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Creating Hope

I don’t know when I started to run on fumes. My last post was September last year (about the delightful Star Wars Visions, which has a second season coming later this year). I’ve had a bunch of blog post ideas since then. I thought I had followed through with at least one, but no.

Life got in the way, as it does, only this time it was a jack-knifed semi-truck blocking all lanes of traffic.

My family life has been rough, and not something I want to discuss publicly. Add to that the growing embrace of theocracy in this country, making me wonder what kind of life I want to have if things go south.

In short, I’ve spent a lot of time trying to find hope again.

I recently read Why Fish Don’t Exist by Lulu Miller, part-memoir and part-biography of 19th-century scientist David Starr Jordan, and one of its themes is how to keep going when everything is falling prey to entropy. Halfway through, Miller learns something about Jordan that upends everything she had thought about him — specifically, his enthusiastic endorsement of eugenics — and she wonders what awful things result from a desire to put order to a chaotic world.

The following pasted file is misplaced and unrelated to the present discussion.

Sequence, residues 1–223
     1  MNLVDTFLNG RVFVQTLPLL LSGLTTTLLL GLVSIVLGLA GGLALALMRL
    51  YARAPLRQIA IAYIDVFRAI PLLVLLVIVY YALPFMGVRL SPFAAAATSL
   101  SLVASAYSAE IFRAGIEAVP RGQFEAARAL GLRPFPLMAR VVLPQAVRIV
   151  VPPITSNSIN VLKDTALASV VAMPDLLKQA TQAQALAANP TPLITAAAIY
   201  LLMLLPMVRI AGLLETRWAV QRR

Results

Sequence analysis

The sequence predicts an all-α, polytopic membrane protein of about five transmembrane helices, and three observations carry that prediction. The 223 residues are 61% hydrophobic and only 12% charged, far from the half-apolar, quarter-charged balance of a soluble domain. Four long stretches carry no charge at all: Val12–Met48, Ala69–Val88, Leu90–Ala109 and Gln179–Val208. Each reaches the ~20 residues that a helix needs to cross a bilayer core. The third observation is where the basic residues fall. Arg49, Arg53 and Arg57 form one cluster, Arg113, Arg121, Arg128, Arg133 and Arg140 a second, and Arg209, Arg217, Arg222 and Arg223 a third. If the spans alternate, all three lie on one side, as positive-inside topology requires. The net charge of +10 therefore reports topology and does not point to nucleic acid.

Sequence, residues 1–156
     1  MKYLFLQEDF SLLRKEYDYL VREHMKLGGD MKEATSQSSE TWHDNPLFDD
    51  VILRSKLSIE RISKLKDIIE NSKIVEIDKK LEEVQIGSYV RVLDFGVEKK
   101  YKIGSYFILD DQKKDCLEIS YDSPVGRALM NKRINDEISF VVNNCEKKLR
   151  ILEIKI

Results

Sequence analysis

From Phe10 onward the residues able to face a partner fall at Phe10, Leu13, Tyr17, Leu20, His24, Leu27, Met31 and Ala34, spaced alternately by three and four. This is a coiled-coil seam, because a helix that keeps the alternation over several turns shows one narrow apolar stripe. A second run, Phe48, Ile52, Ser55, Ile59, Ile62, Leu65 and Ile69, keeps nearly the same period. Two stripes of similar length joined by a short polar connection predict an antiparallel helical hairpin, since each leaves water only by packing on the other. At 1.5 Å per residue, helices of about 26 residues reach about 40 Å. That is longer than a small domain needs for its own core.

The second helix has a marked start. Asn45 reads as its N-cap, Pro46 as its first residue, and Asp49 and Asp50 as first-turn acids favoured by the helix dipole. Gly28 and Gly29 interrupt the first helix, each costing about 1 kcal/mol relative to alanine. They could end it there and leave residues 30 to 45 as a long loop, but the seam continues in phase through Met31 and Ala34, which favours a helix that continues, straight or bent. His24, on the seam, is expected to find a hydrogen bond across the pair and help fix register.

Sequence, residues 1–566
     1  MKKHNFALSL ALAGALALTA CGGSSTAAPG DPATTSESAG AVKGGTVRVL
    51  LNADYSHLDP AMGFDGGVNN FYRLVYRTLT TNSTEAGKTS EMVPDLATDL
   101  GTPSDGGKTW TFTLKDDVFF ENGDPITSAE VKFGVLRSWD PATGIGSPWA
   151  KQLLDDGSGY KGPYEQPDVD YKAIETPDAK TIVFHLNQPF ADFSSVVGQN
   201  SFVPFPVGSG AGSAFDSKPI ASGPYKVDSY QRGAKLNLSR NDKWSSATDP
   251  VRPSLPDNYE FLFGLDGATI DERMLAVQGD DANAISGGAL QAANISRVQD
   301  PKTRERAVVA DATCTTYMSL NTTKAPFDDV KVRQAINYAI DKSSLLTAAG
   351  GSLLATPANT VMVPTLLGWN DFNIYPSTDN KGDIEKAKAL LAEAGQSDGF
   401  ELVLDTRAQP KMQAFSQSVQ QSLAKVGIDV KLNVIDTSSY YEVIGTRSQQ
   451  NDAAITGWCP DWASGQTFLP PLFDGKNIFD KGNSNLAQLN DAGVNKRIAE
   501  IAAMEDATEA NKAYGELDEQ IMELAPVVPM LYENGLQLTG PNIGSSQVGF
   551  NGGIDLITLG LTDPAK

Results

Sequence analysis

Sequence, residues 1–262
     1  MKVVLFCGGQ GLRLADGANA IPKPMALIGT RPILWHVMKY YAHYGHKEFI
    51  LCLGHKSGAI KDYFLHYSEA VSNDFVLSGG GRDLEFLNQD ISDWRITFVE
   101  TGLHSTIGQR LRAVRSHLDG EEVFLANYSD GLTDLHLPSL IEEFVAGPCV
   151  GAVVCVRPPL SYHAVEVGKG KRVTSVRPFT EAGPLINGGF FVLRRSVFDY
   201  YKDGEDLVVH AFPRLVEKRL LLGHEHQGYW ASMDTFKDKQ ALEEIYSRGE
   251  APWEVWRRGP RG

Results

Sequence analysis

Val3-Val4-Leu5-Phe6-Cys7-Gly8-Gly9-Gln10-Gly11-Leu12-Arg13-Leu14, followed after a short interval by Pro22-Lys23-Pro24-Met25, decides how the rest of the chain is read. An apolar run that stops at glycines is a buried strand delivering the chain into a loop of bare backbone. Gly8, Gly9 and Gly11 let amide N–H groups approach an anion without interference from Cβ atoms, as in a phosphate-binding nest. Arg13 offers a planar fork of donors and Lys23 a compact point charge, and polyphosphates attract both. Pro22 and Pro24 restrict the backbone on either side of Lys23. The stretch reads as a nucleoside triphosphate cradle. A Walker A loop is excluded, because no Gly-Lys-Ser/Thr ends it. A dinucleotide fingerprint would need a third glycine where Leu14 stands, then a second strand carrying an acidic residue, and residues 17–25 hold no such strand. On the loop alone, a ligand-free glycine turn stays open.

So, what are some alternatives?

There’s faith, I suppose, but that’s long since fled my life. I once had it when I was a committed Unitarian Universalist. Having left the church — both a physical building and the denomination as a whole — it has never stayed, sometimes flitting through like a bird through a yard, grabbing an insect or a worm before disappearing. I can’t say I’m an atheist — I still believe in the God of Einstein and Spinoza — but that God isn’t coming to save us.

So I decided to lie to myself.

A better world is possible. Help yourself and those around you.

As lies go, it’s pretty small. It’s kind of the Bodhisattva Vow in miniature: everyone can be free of suffering, and it’s your responsibility to free everyone else once you’ve freed yourself. But it’s a lie because I have no evidence that a better world is actually possible.

But the first sentence is just a hook to hang the second on: since a better world is possible, it’s your responsibility to help yourself and those around you to make it happen.

I wish I had more than that. I wish I weren’t just running on fumes. I just hope it’s enough to get me home.